What You Need to Know:

The following summary are bills we’ve highlighted that are specific to our focus, expertise, and interests, or made it to our watch list. To view the actual bill language or see who is sponsoring it, the bill title is linked for your convenience.  Green means we support the bill, red means we oppose it, and those with no official stance are simply in blue.

The bills are listed in numerical order. 

Bill statuses will either be listed as passed, signed, defeated, or expired. A bill that was defeated was voted down during session. A bill that expired was not voted down necessarily, but is now dead because the session is over. 

Education

Bill Status: PASSED

Resolutions are statements of what the legislature values, rather than changes of policies. Furthermore, unlike bills, resolutions can be brought to the floor without being placed on the agenda first. As a result, legislators may not have advance notice when resolutions are being heard.

House Concurrent Resolution (HCR) 90 says that LGBTQ history should be taught to students from 7th-12th grade. 

The bill includes the two specific examples of the Stonewall riots of 1969 and the 2016 Pulse nightclub shooting. 

This resolution will take effect in the 2024-25 school year.

What does this mean now for …
Parents: Now more than ever, it’s crucial to know what’s being taught in your child’s school. What’s most concerning is the wide open door this presents for more school-sanctioned, sexually-charged conversations with students. 

Watch especially for inappropriate material like what we saw earlier this year in Smyrna High School. If you hear of an incident like this in your child’s school, let us know using our incident report form. See our Parental Rights resource page for more tools and information.

Bill Status: EXPIRED

DE law currently allows for loan repayment for educators that teach in specific areas. 

SB99 repays loans of minority teachers simply for being a minority, regardless of where they actually teach. This bill is derived from and influenced by critical race theory.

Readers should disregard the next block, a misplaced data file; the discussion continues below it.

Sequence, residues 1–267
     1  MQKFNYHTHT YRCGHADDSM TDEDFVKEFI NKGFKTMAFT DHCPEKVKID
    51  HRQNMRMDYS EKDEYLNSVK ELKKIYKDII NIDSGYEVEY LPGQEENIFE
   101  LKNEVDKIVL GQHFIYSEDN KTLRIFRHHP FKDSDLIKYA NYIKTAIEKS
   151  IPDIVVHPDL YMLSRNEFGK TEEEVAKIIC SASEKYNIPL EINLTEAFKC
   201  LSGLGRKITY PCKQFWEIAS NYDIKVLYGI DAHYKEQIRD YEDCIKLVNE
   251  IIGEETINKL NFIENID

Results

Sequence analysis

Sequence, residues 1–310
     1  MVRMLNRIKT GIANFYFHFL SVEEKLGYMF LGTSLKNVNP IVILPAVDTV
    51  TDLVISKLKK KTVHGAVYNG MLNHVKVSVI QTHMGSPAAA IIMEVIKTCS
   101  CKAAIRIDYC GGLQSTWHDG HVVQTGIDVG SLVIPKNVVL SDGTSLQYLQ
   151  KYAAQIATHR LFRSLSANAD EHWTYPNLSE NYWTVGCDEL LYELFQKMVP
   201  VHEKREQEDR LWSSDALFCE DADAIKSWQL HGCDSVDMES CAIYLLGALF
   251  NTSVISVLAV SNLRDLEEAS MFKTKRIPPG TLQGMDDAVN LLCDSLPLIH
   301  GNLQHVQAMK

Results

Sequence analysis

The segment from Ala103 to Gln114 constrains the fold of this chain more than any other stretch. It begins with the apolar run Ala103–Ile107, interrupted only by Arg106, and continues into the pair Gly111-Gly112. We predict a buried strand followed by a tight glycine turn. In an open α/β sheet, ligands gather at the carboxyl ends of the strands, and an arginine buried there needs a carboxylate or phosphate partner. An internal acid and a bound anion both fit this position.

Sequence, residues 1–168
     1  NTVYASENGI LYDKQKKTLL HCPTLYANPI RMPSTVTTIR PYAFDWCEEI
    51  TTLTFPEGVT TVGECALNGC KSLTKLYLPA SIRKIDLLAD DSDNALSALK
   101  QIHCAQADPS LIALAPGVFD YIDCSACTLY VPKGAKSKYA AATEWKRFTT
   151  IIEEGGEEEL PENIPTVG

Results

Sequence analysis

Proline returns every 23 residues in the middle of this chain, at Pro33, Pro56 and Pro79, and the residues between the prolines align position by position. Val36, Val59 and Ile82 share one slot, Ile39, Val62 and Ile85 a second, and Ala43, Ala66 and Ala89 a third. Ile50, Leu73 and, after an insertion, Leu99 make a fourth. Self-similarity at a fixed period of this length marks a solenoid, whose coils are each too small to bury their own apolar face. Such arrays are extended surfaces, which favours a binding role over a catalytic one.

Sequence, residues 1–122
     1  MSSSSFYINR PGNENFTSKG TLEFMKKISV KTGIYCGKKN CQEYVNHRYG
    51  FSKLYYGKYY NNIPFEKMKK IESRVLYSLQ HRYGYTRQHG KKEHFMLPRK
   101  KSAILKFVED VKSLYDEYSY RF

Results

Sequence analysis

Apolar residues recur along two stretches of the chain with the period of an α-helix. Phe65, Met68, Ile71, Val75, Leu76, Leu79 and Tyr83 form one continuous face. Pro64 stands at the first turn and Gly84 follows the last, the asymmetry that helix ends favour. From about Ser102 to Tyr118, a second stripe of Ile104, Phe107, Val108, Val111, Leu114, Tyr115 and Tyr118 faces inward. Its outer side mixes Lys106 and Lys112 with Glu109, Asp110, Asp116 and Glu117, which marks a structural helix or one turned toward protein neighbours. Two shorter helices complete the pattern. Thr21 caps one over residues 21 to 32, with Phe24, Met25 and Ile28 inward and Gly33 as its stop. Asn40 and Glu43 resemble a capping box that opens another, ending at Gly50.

It assumes that minority teachers are not in a financial position for loan repayment, and fails to consider that white teachers that may have not come from affluent backgrounds are also struggling with student loan debt. The original repayment language simply sought to provide a service to all educators within high needs areas and did not place any sharp focus on one ethnicity. That was where they should have stopped. But of course, they didn’t. 😒

Bill Status: EXPIRED

Delaware’s Freedom of Information Act (FOIA) currently requires public organizations to answer to document requests from the public. SB 155 would allow those organizations to deny that request if it is “unduly burdensome” or “intended to disrupt the essential functions.” 

Who decides what is “undue” or “disruptive”, and how is that defined

Concerned parents have been able to view major curricular issues in their districts by completing FOIA requests. This bill could potentially hinder that from being possible in the future. If anything, there needs to be more transparency in public organizations, not loopholes for less. 

Interestingly, some of the sponsors of who want to limit FOIA requests are also sponsoring SB149, a bill to give public access to law enforcement misconduct records through FOIA, to increase transparency and additional oversight.

Bill Status: PASSED

We can all agree on the importance of “understanding how media messages shape culture and society” as this bill reveals. 

The question to ask is who will create and teach the curriculum to “recognize bias and misinformation” that the bill requires? In today’s world of censoring anyone who doesn’t agree with Facebook’s “community standards,” we can easily see how this law will be used to censor conservative and Christian perspectives. This bill gives schools the tools to train “Facebook fact-checkers,” preparing them to silence all opposing ideas.

Bill Status: EXPIRED

SB206 seeks to remedy the concerns of many parents of children in public schools who are being indoctrinated with progressive political ideologies.

Many young people now view Socialism and Marxism favorably as forms of government that promote a “common good”.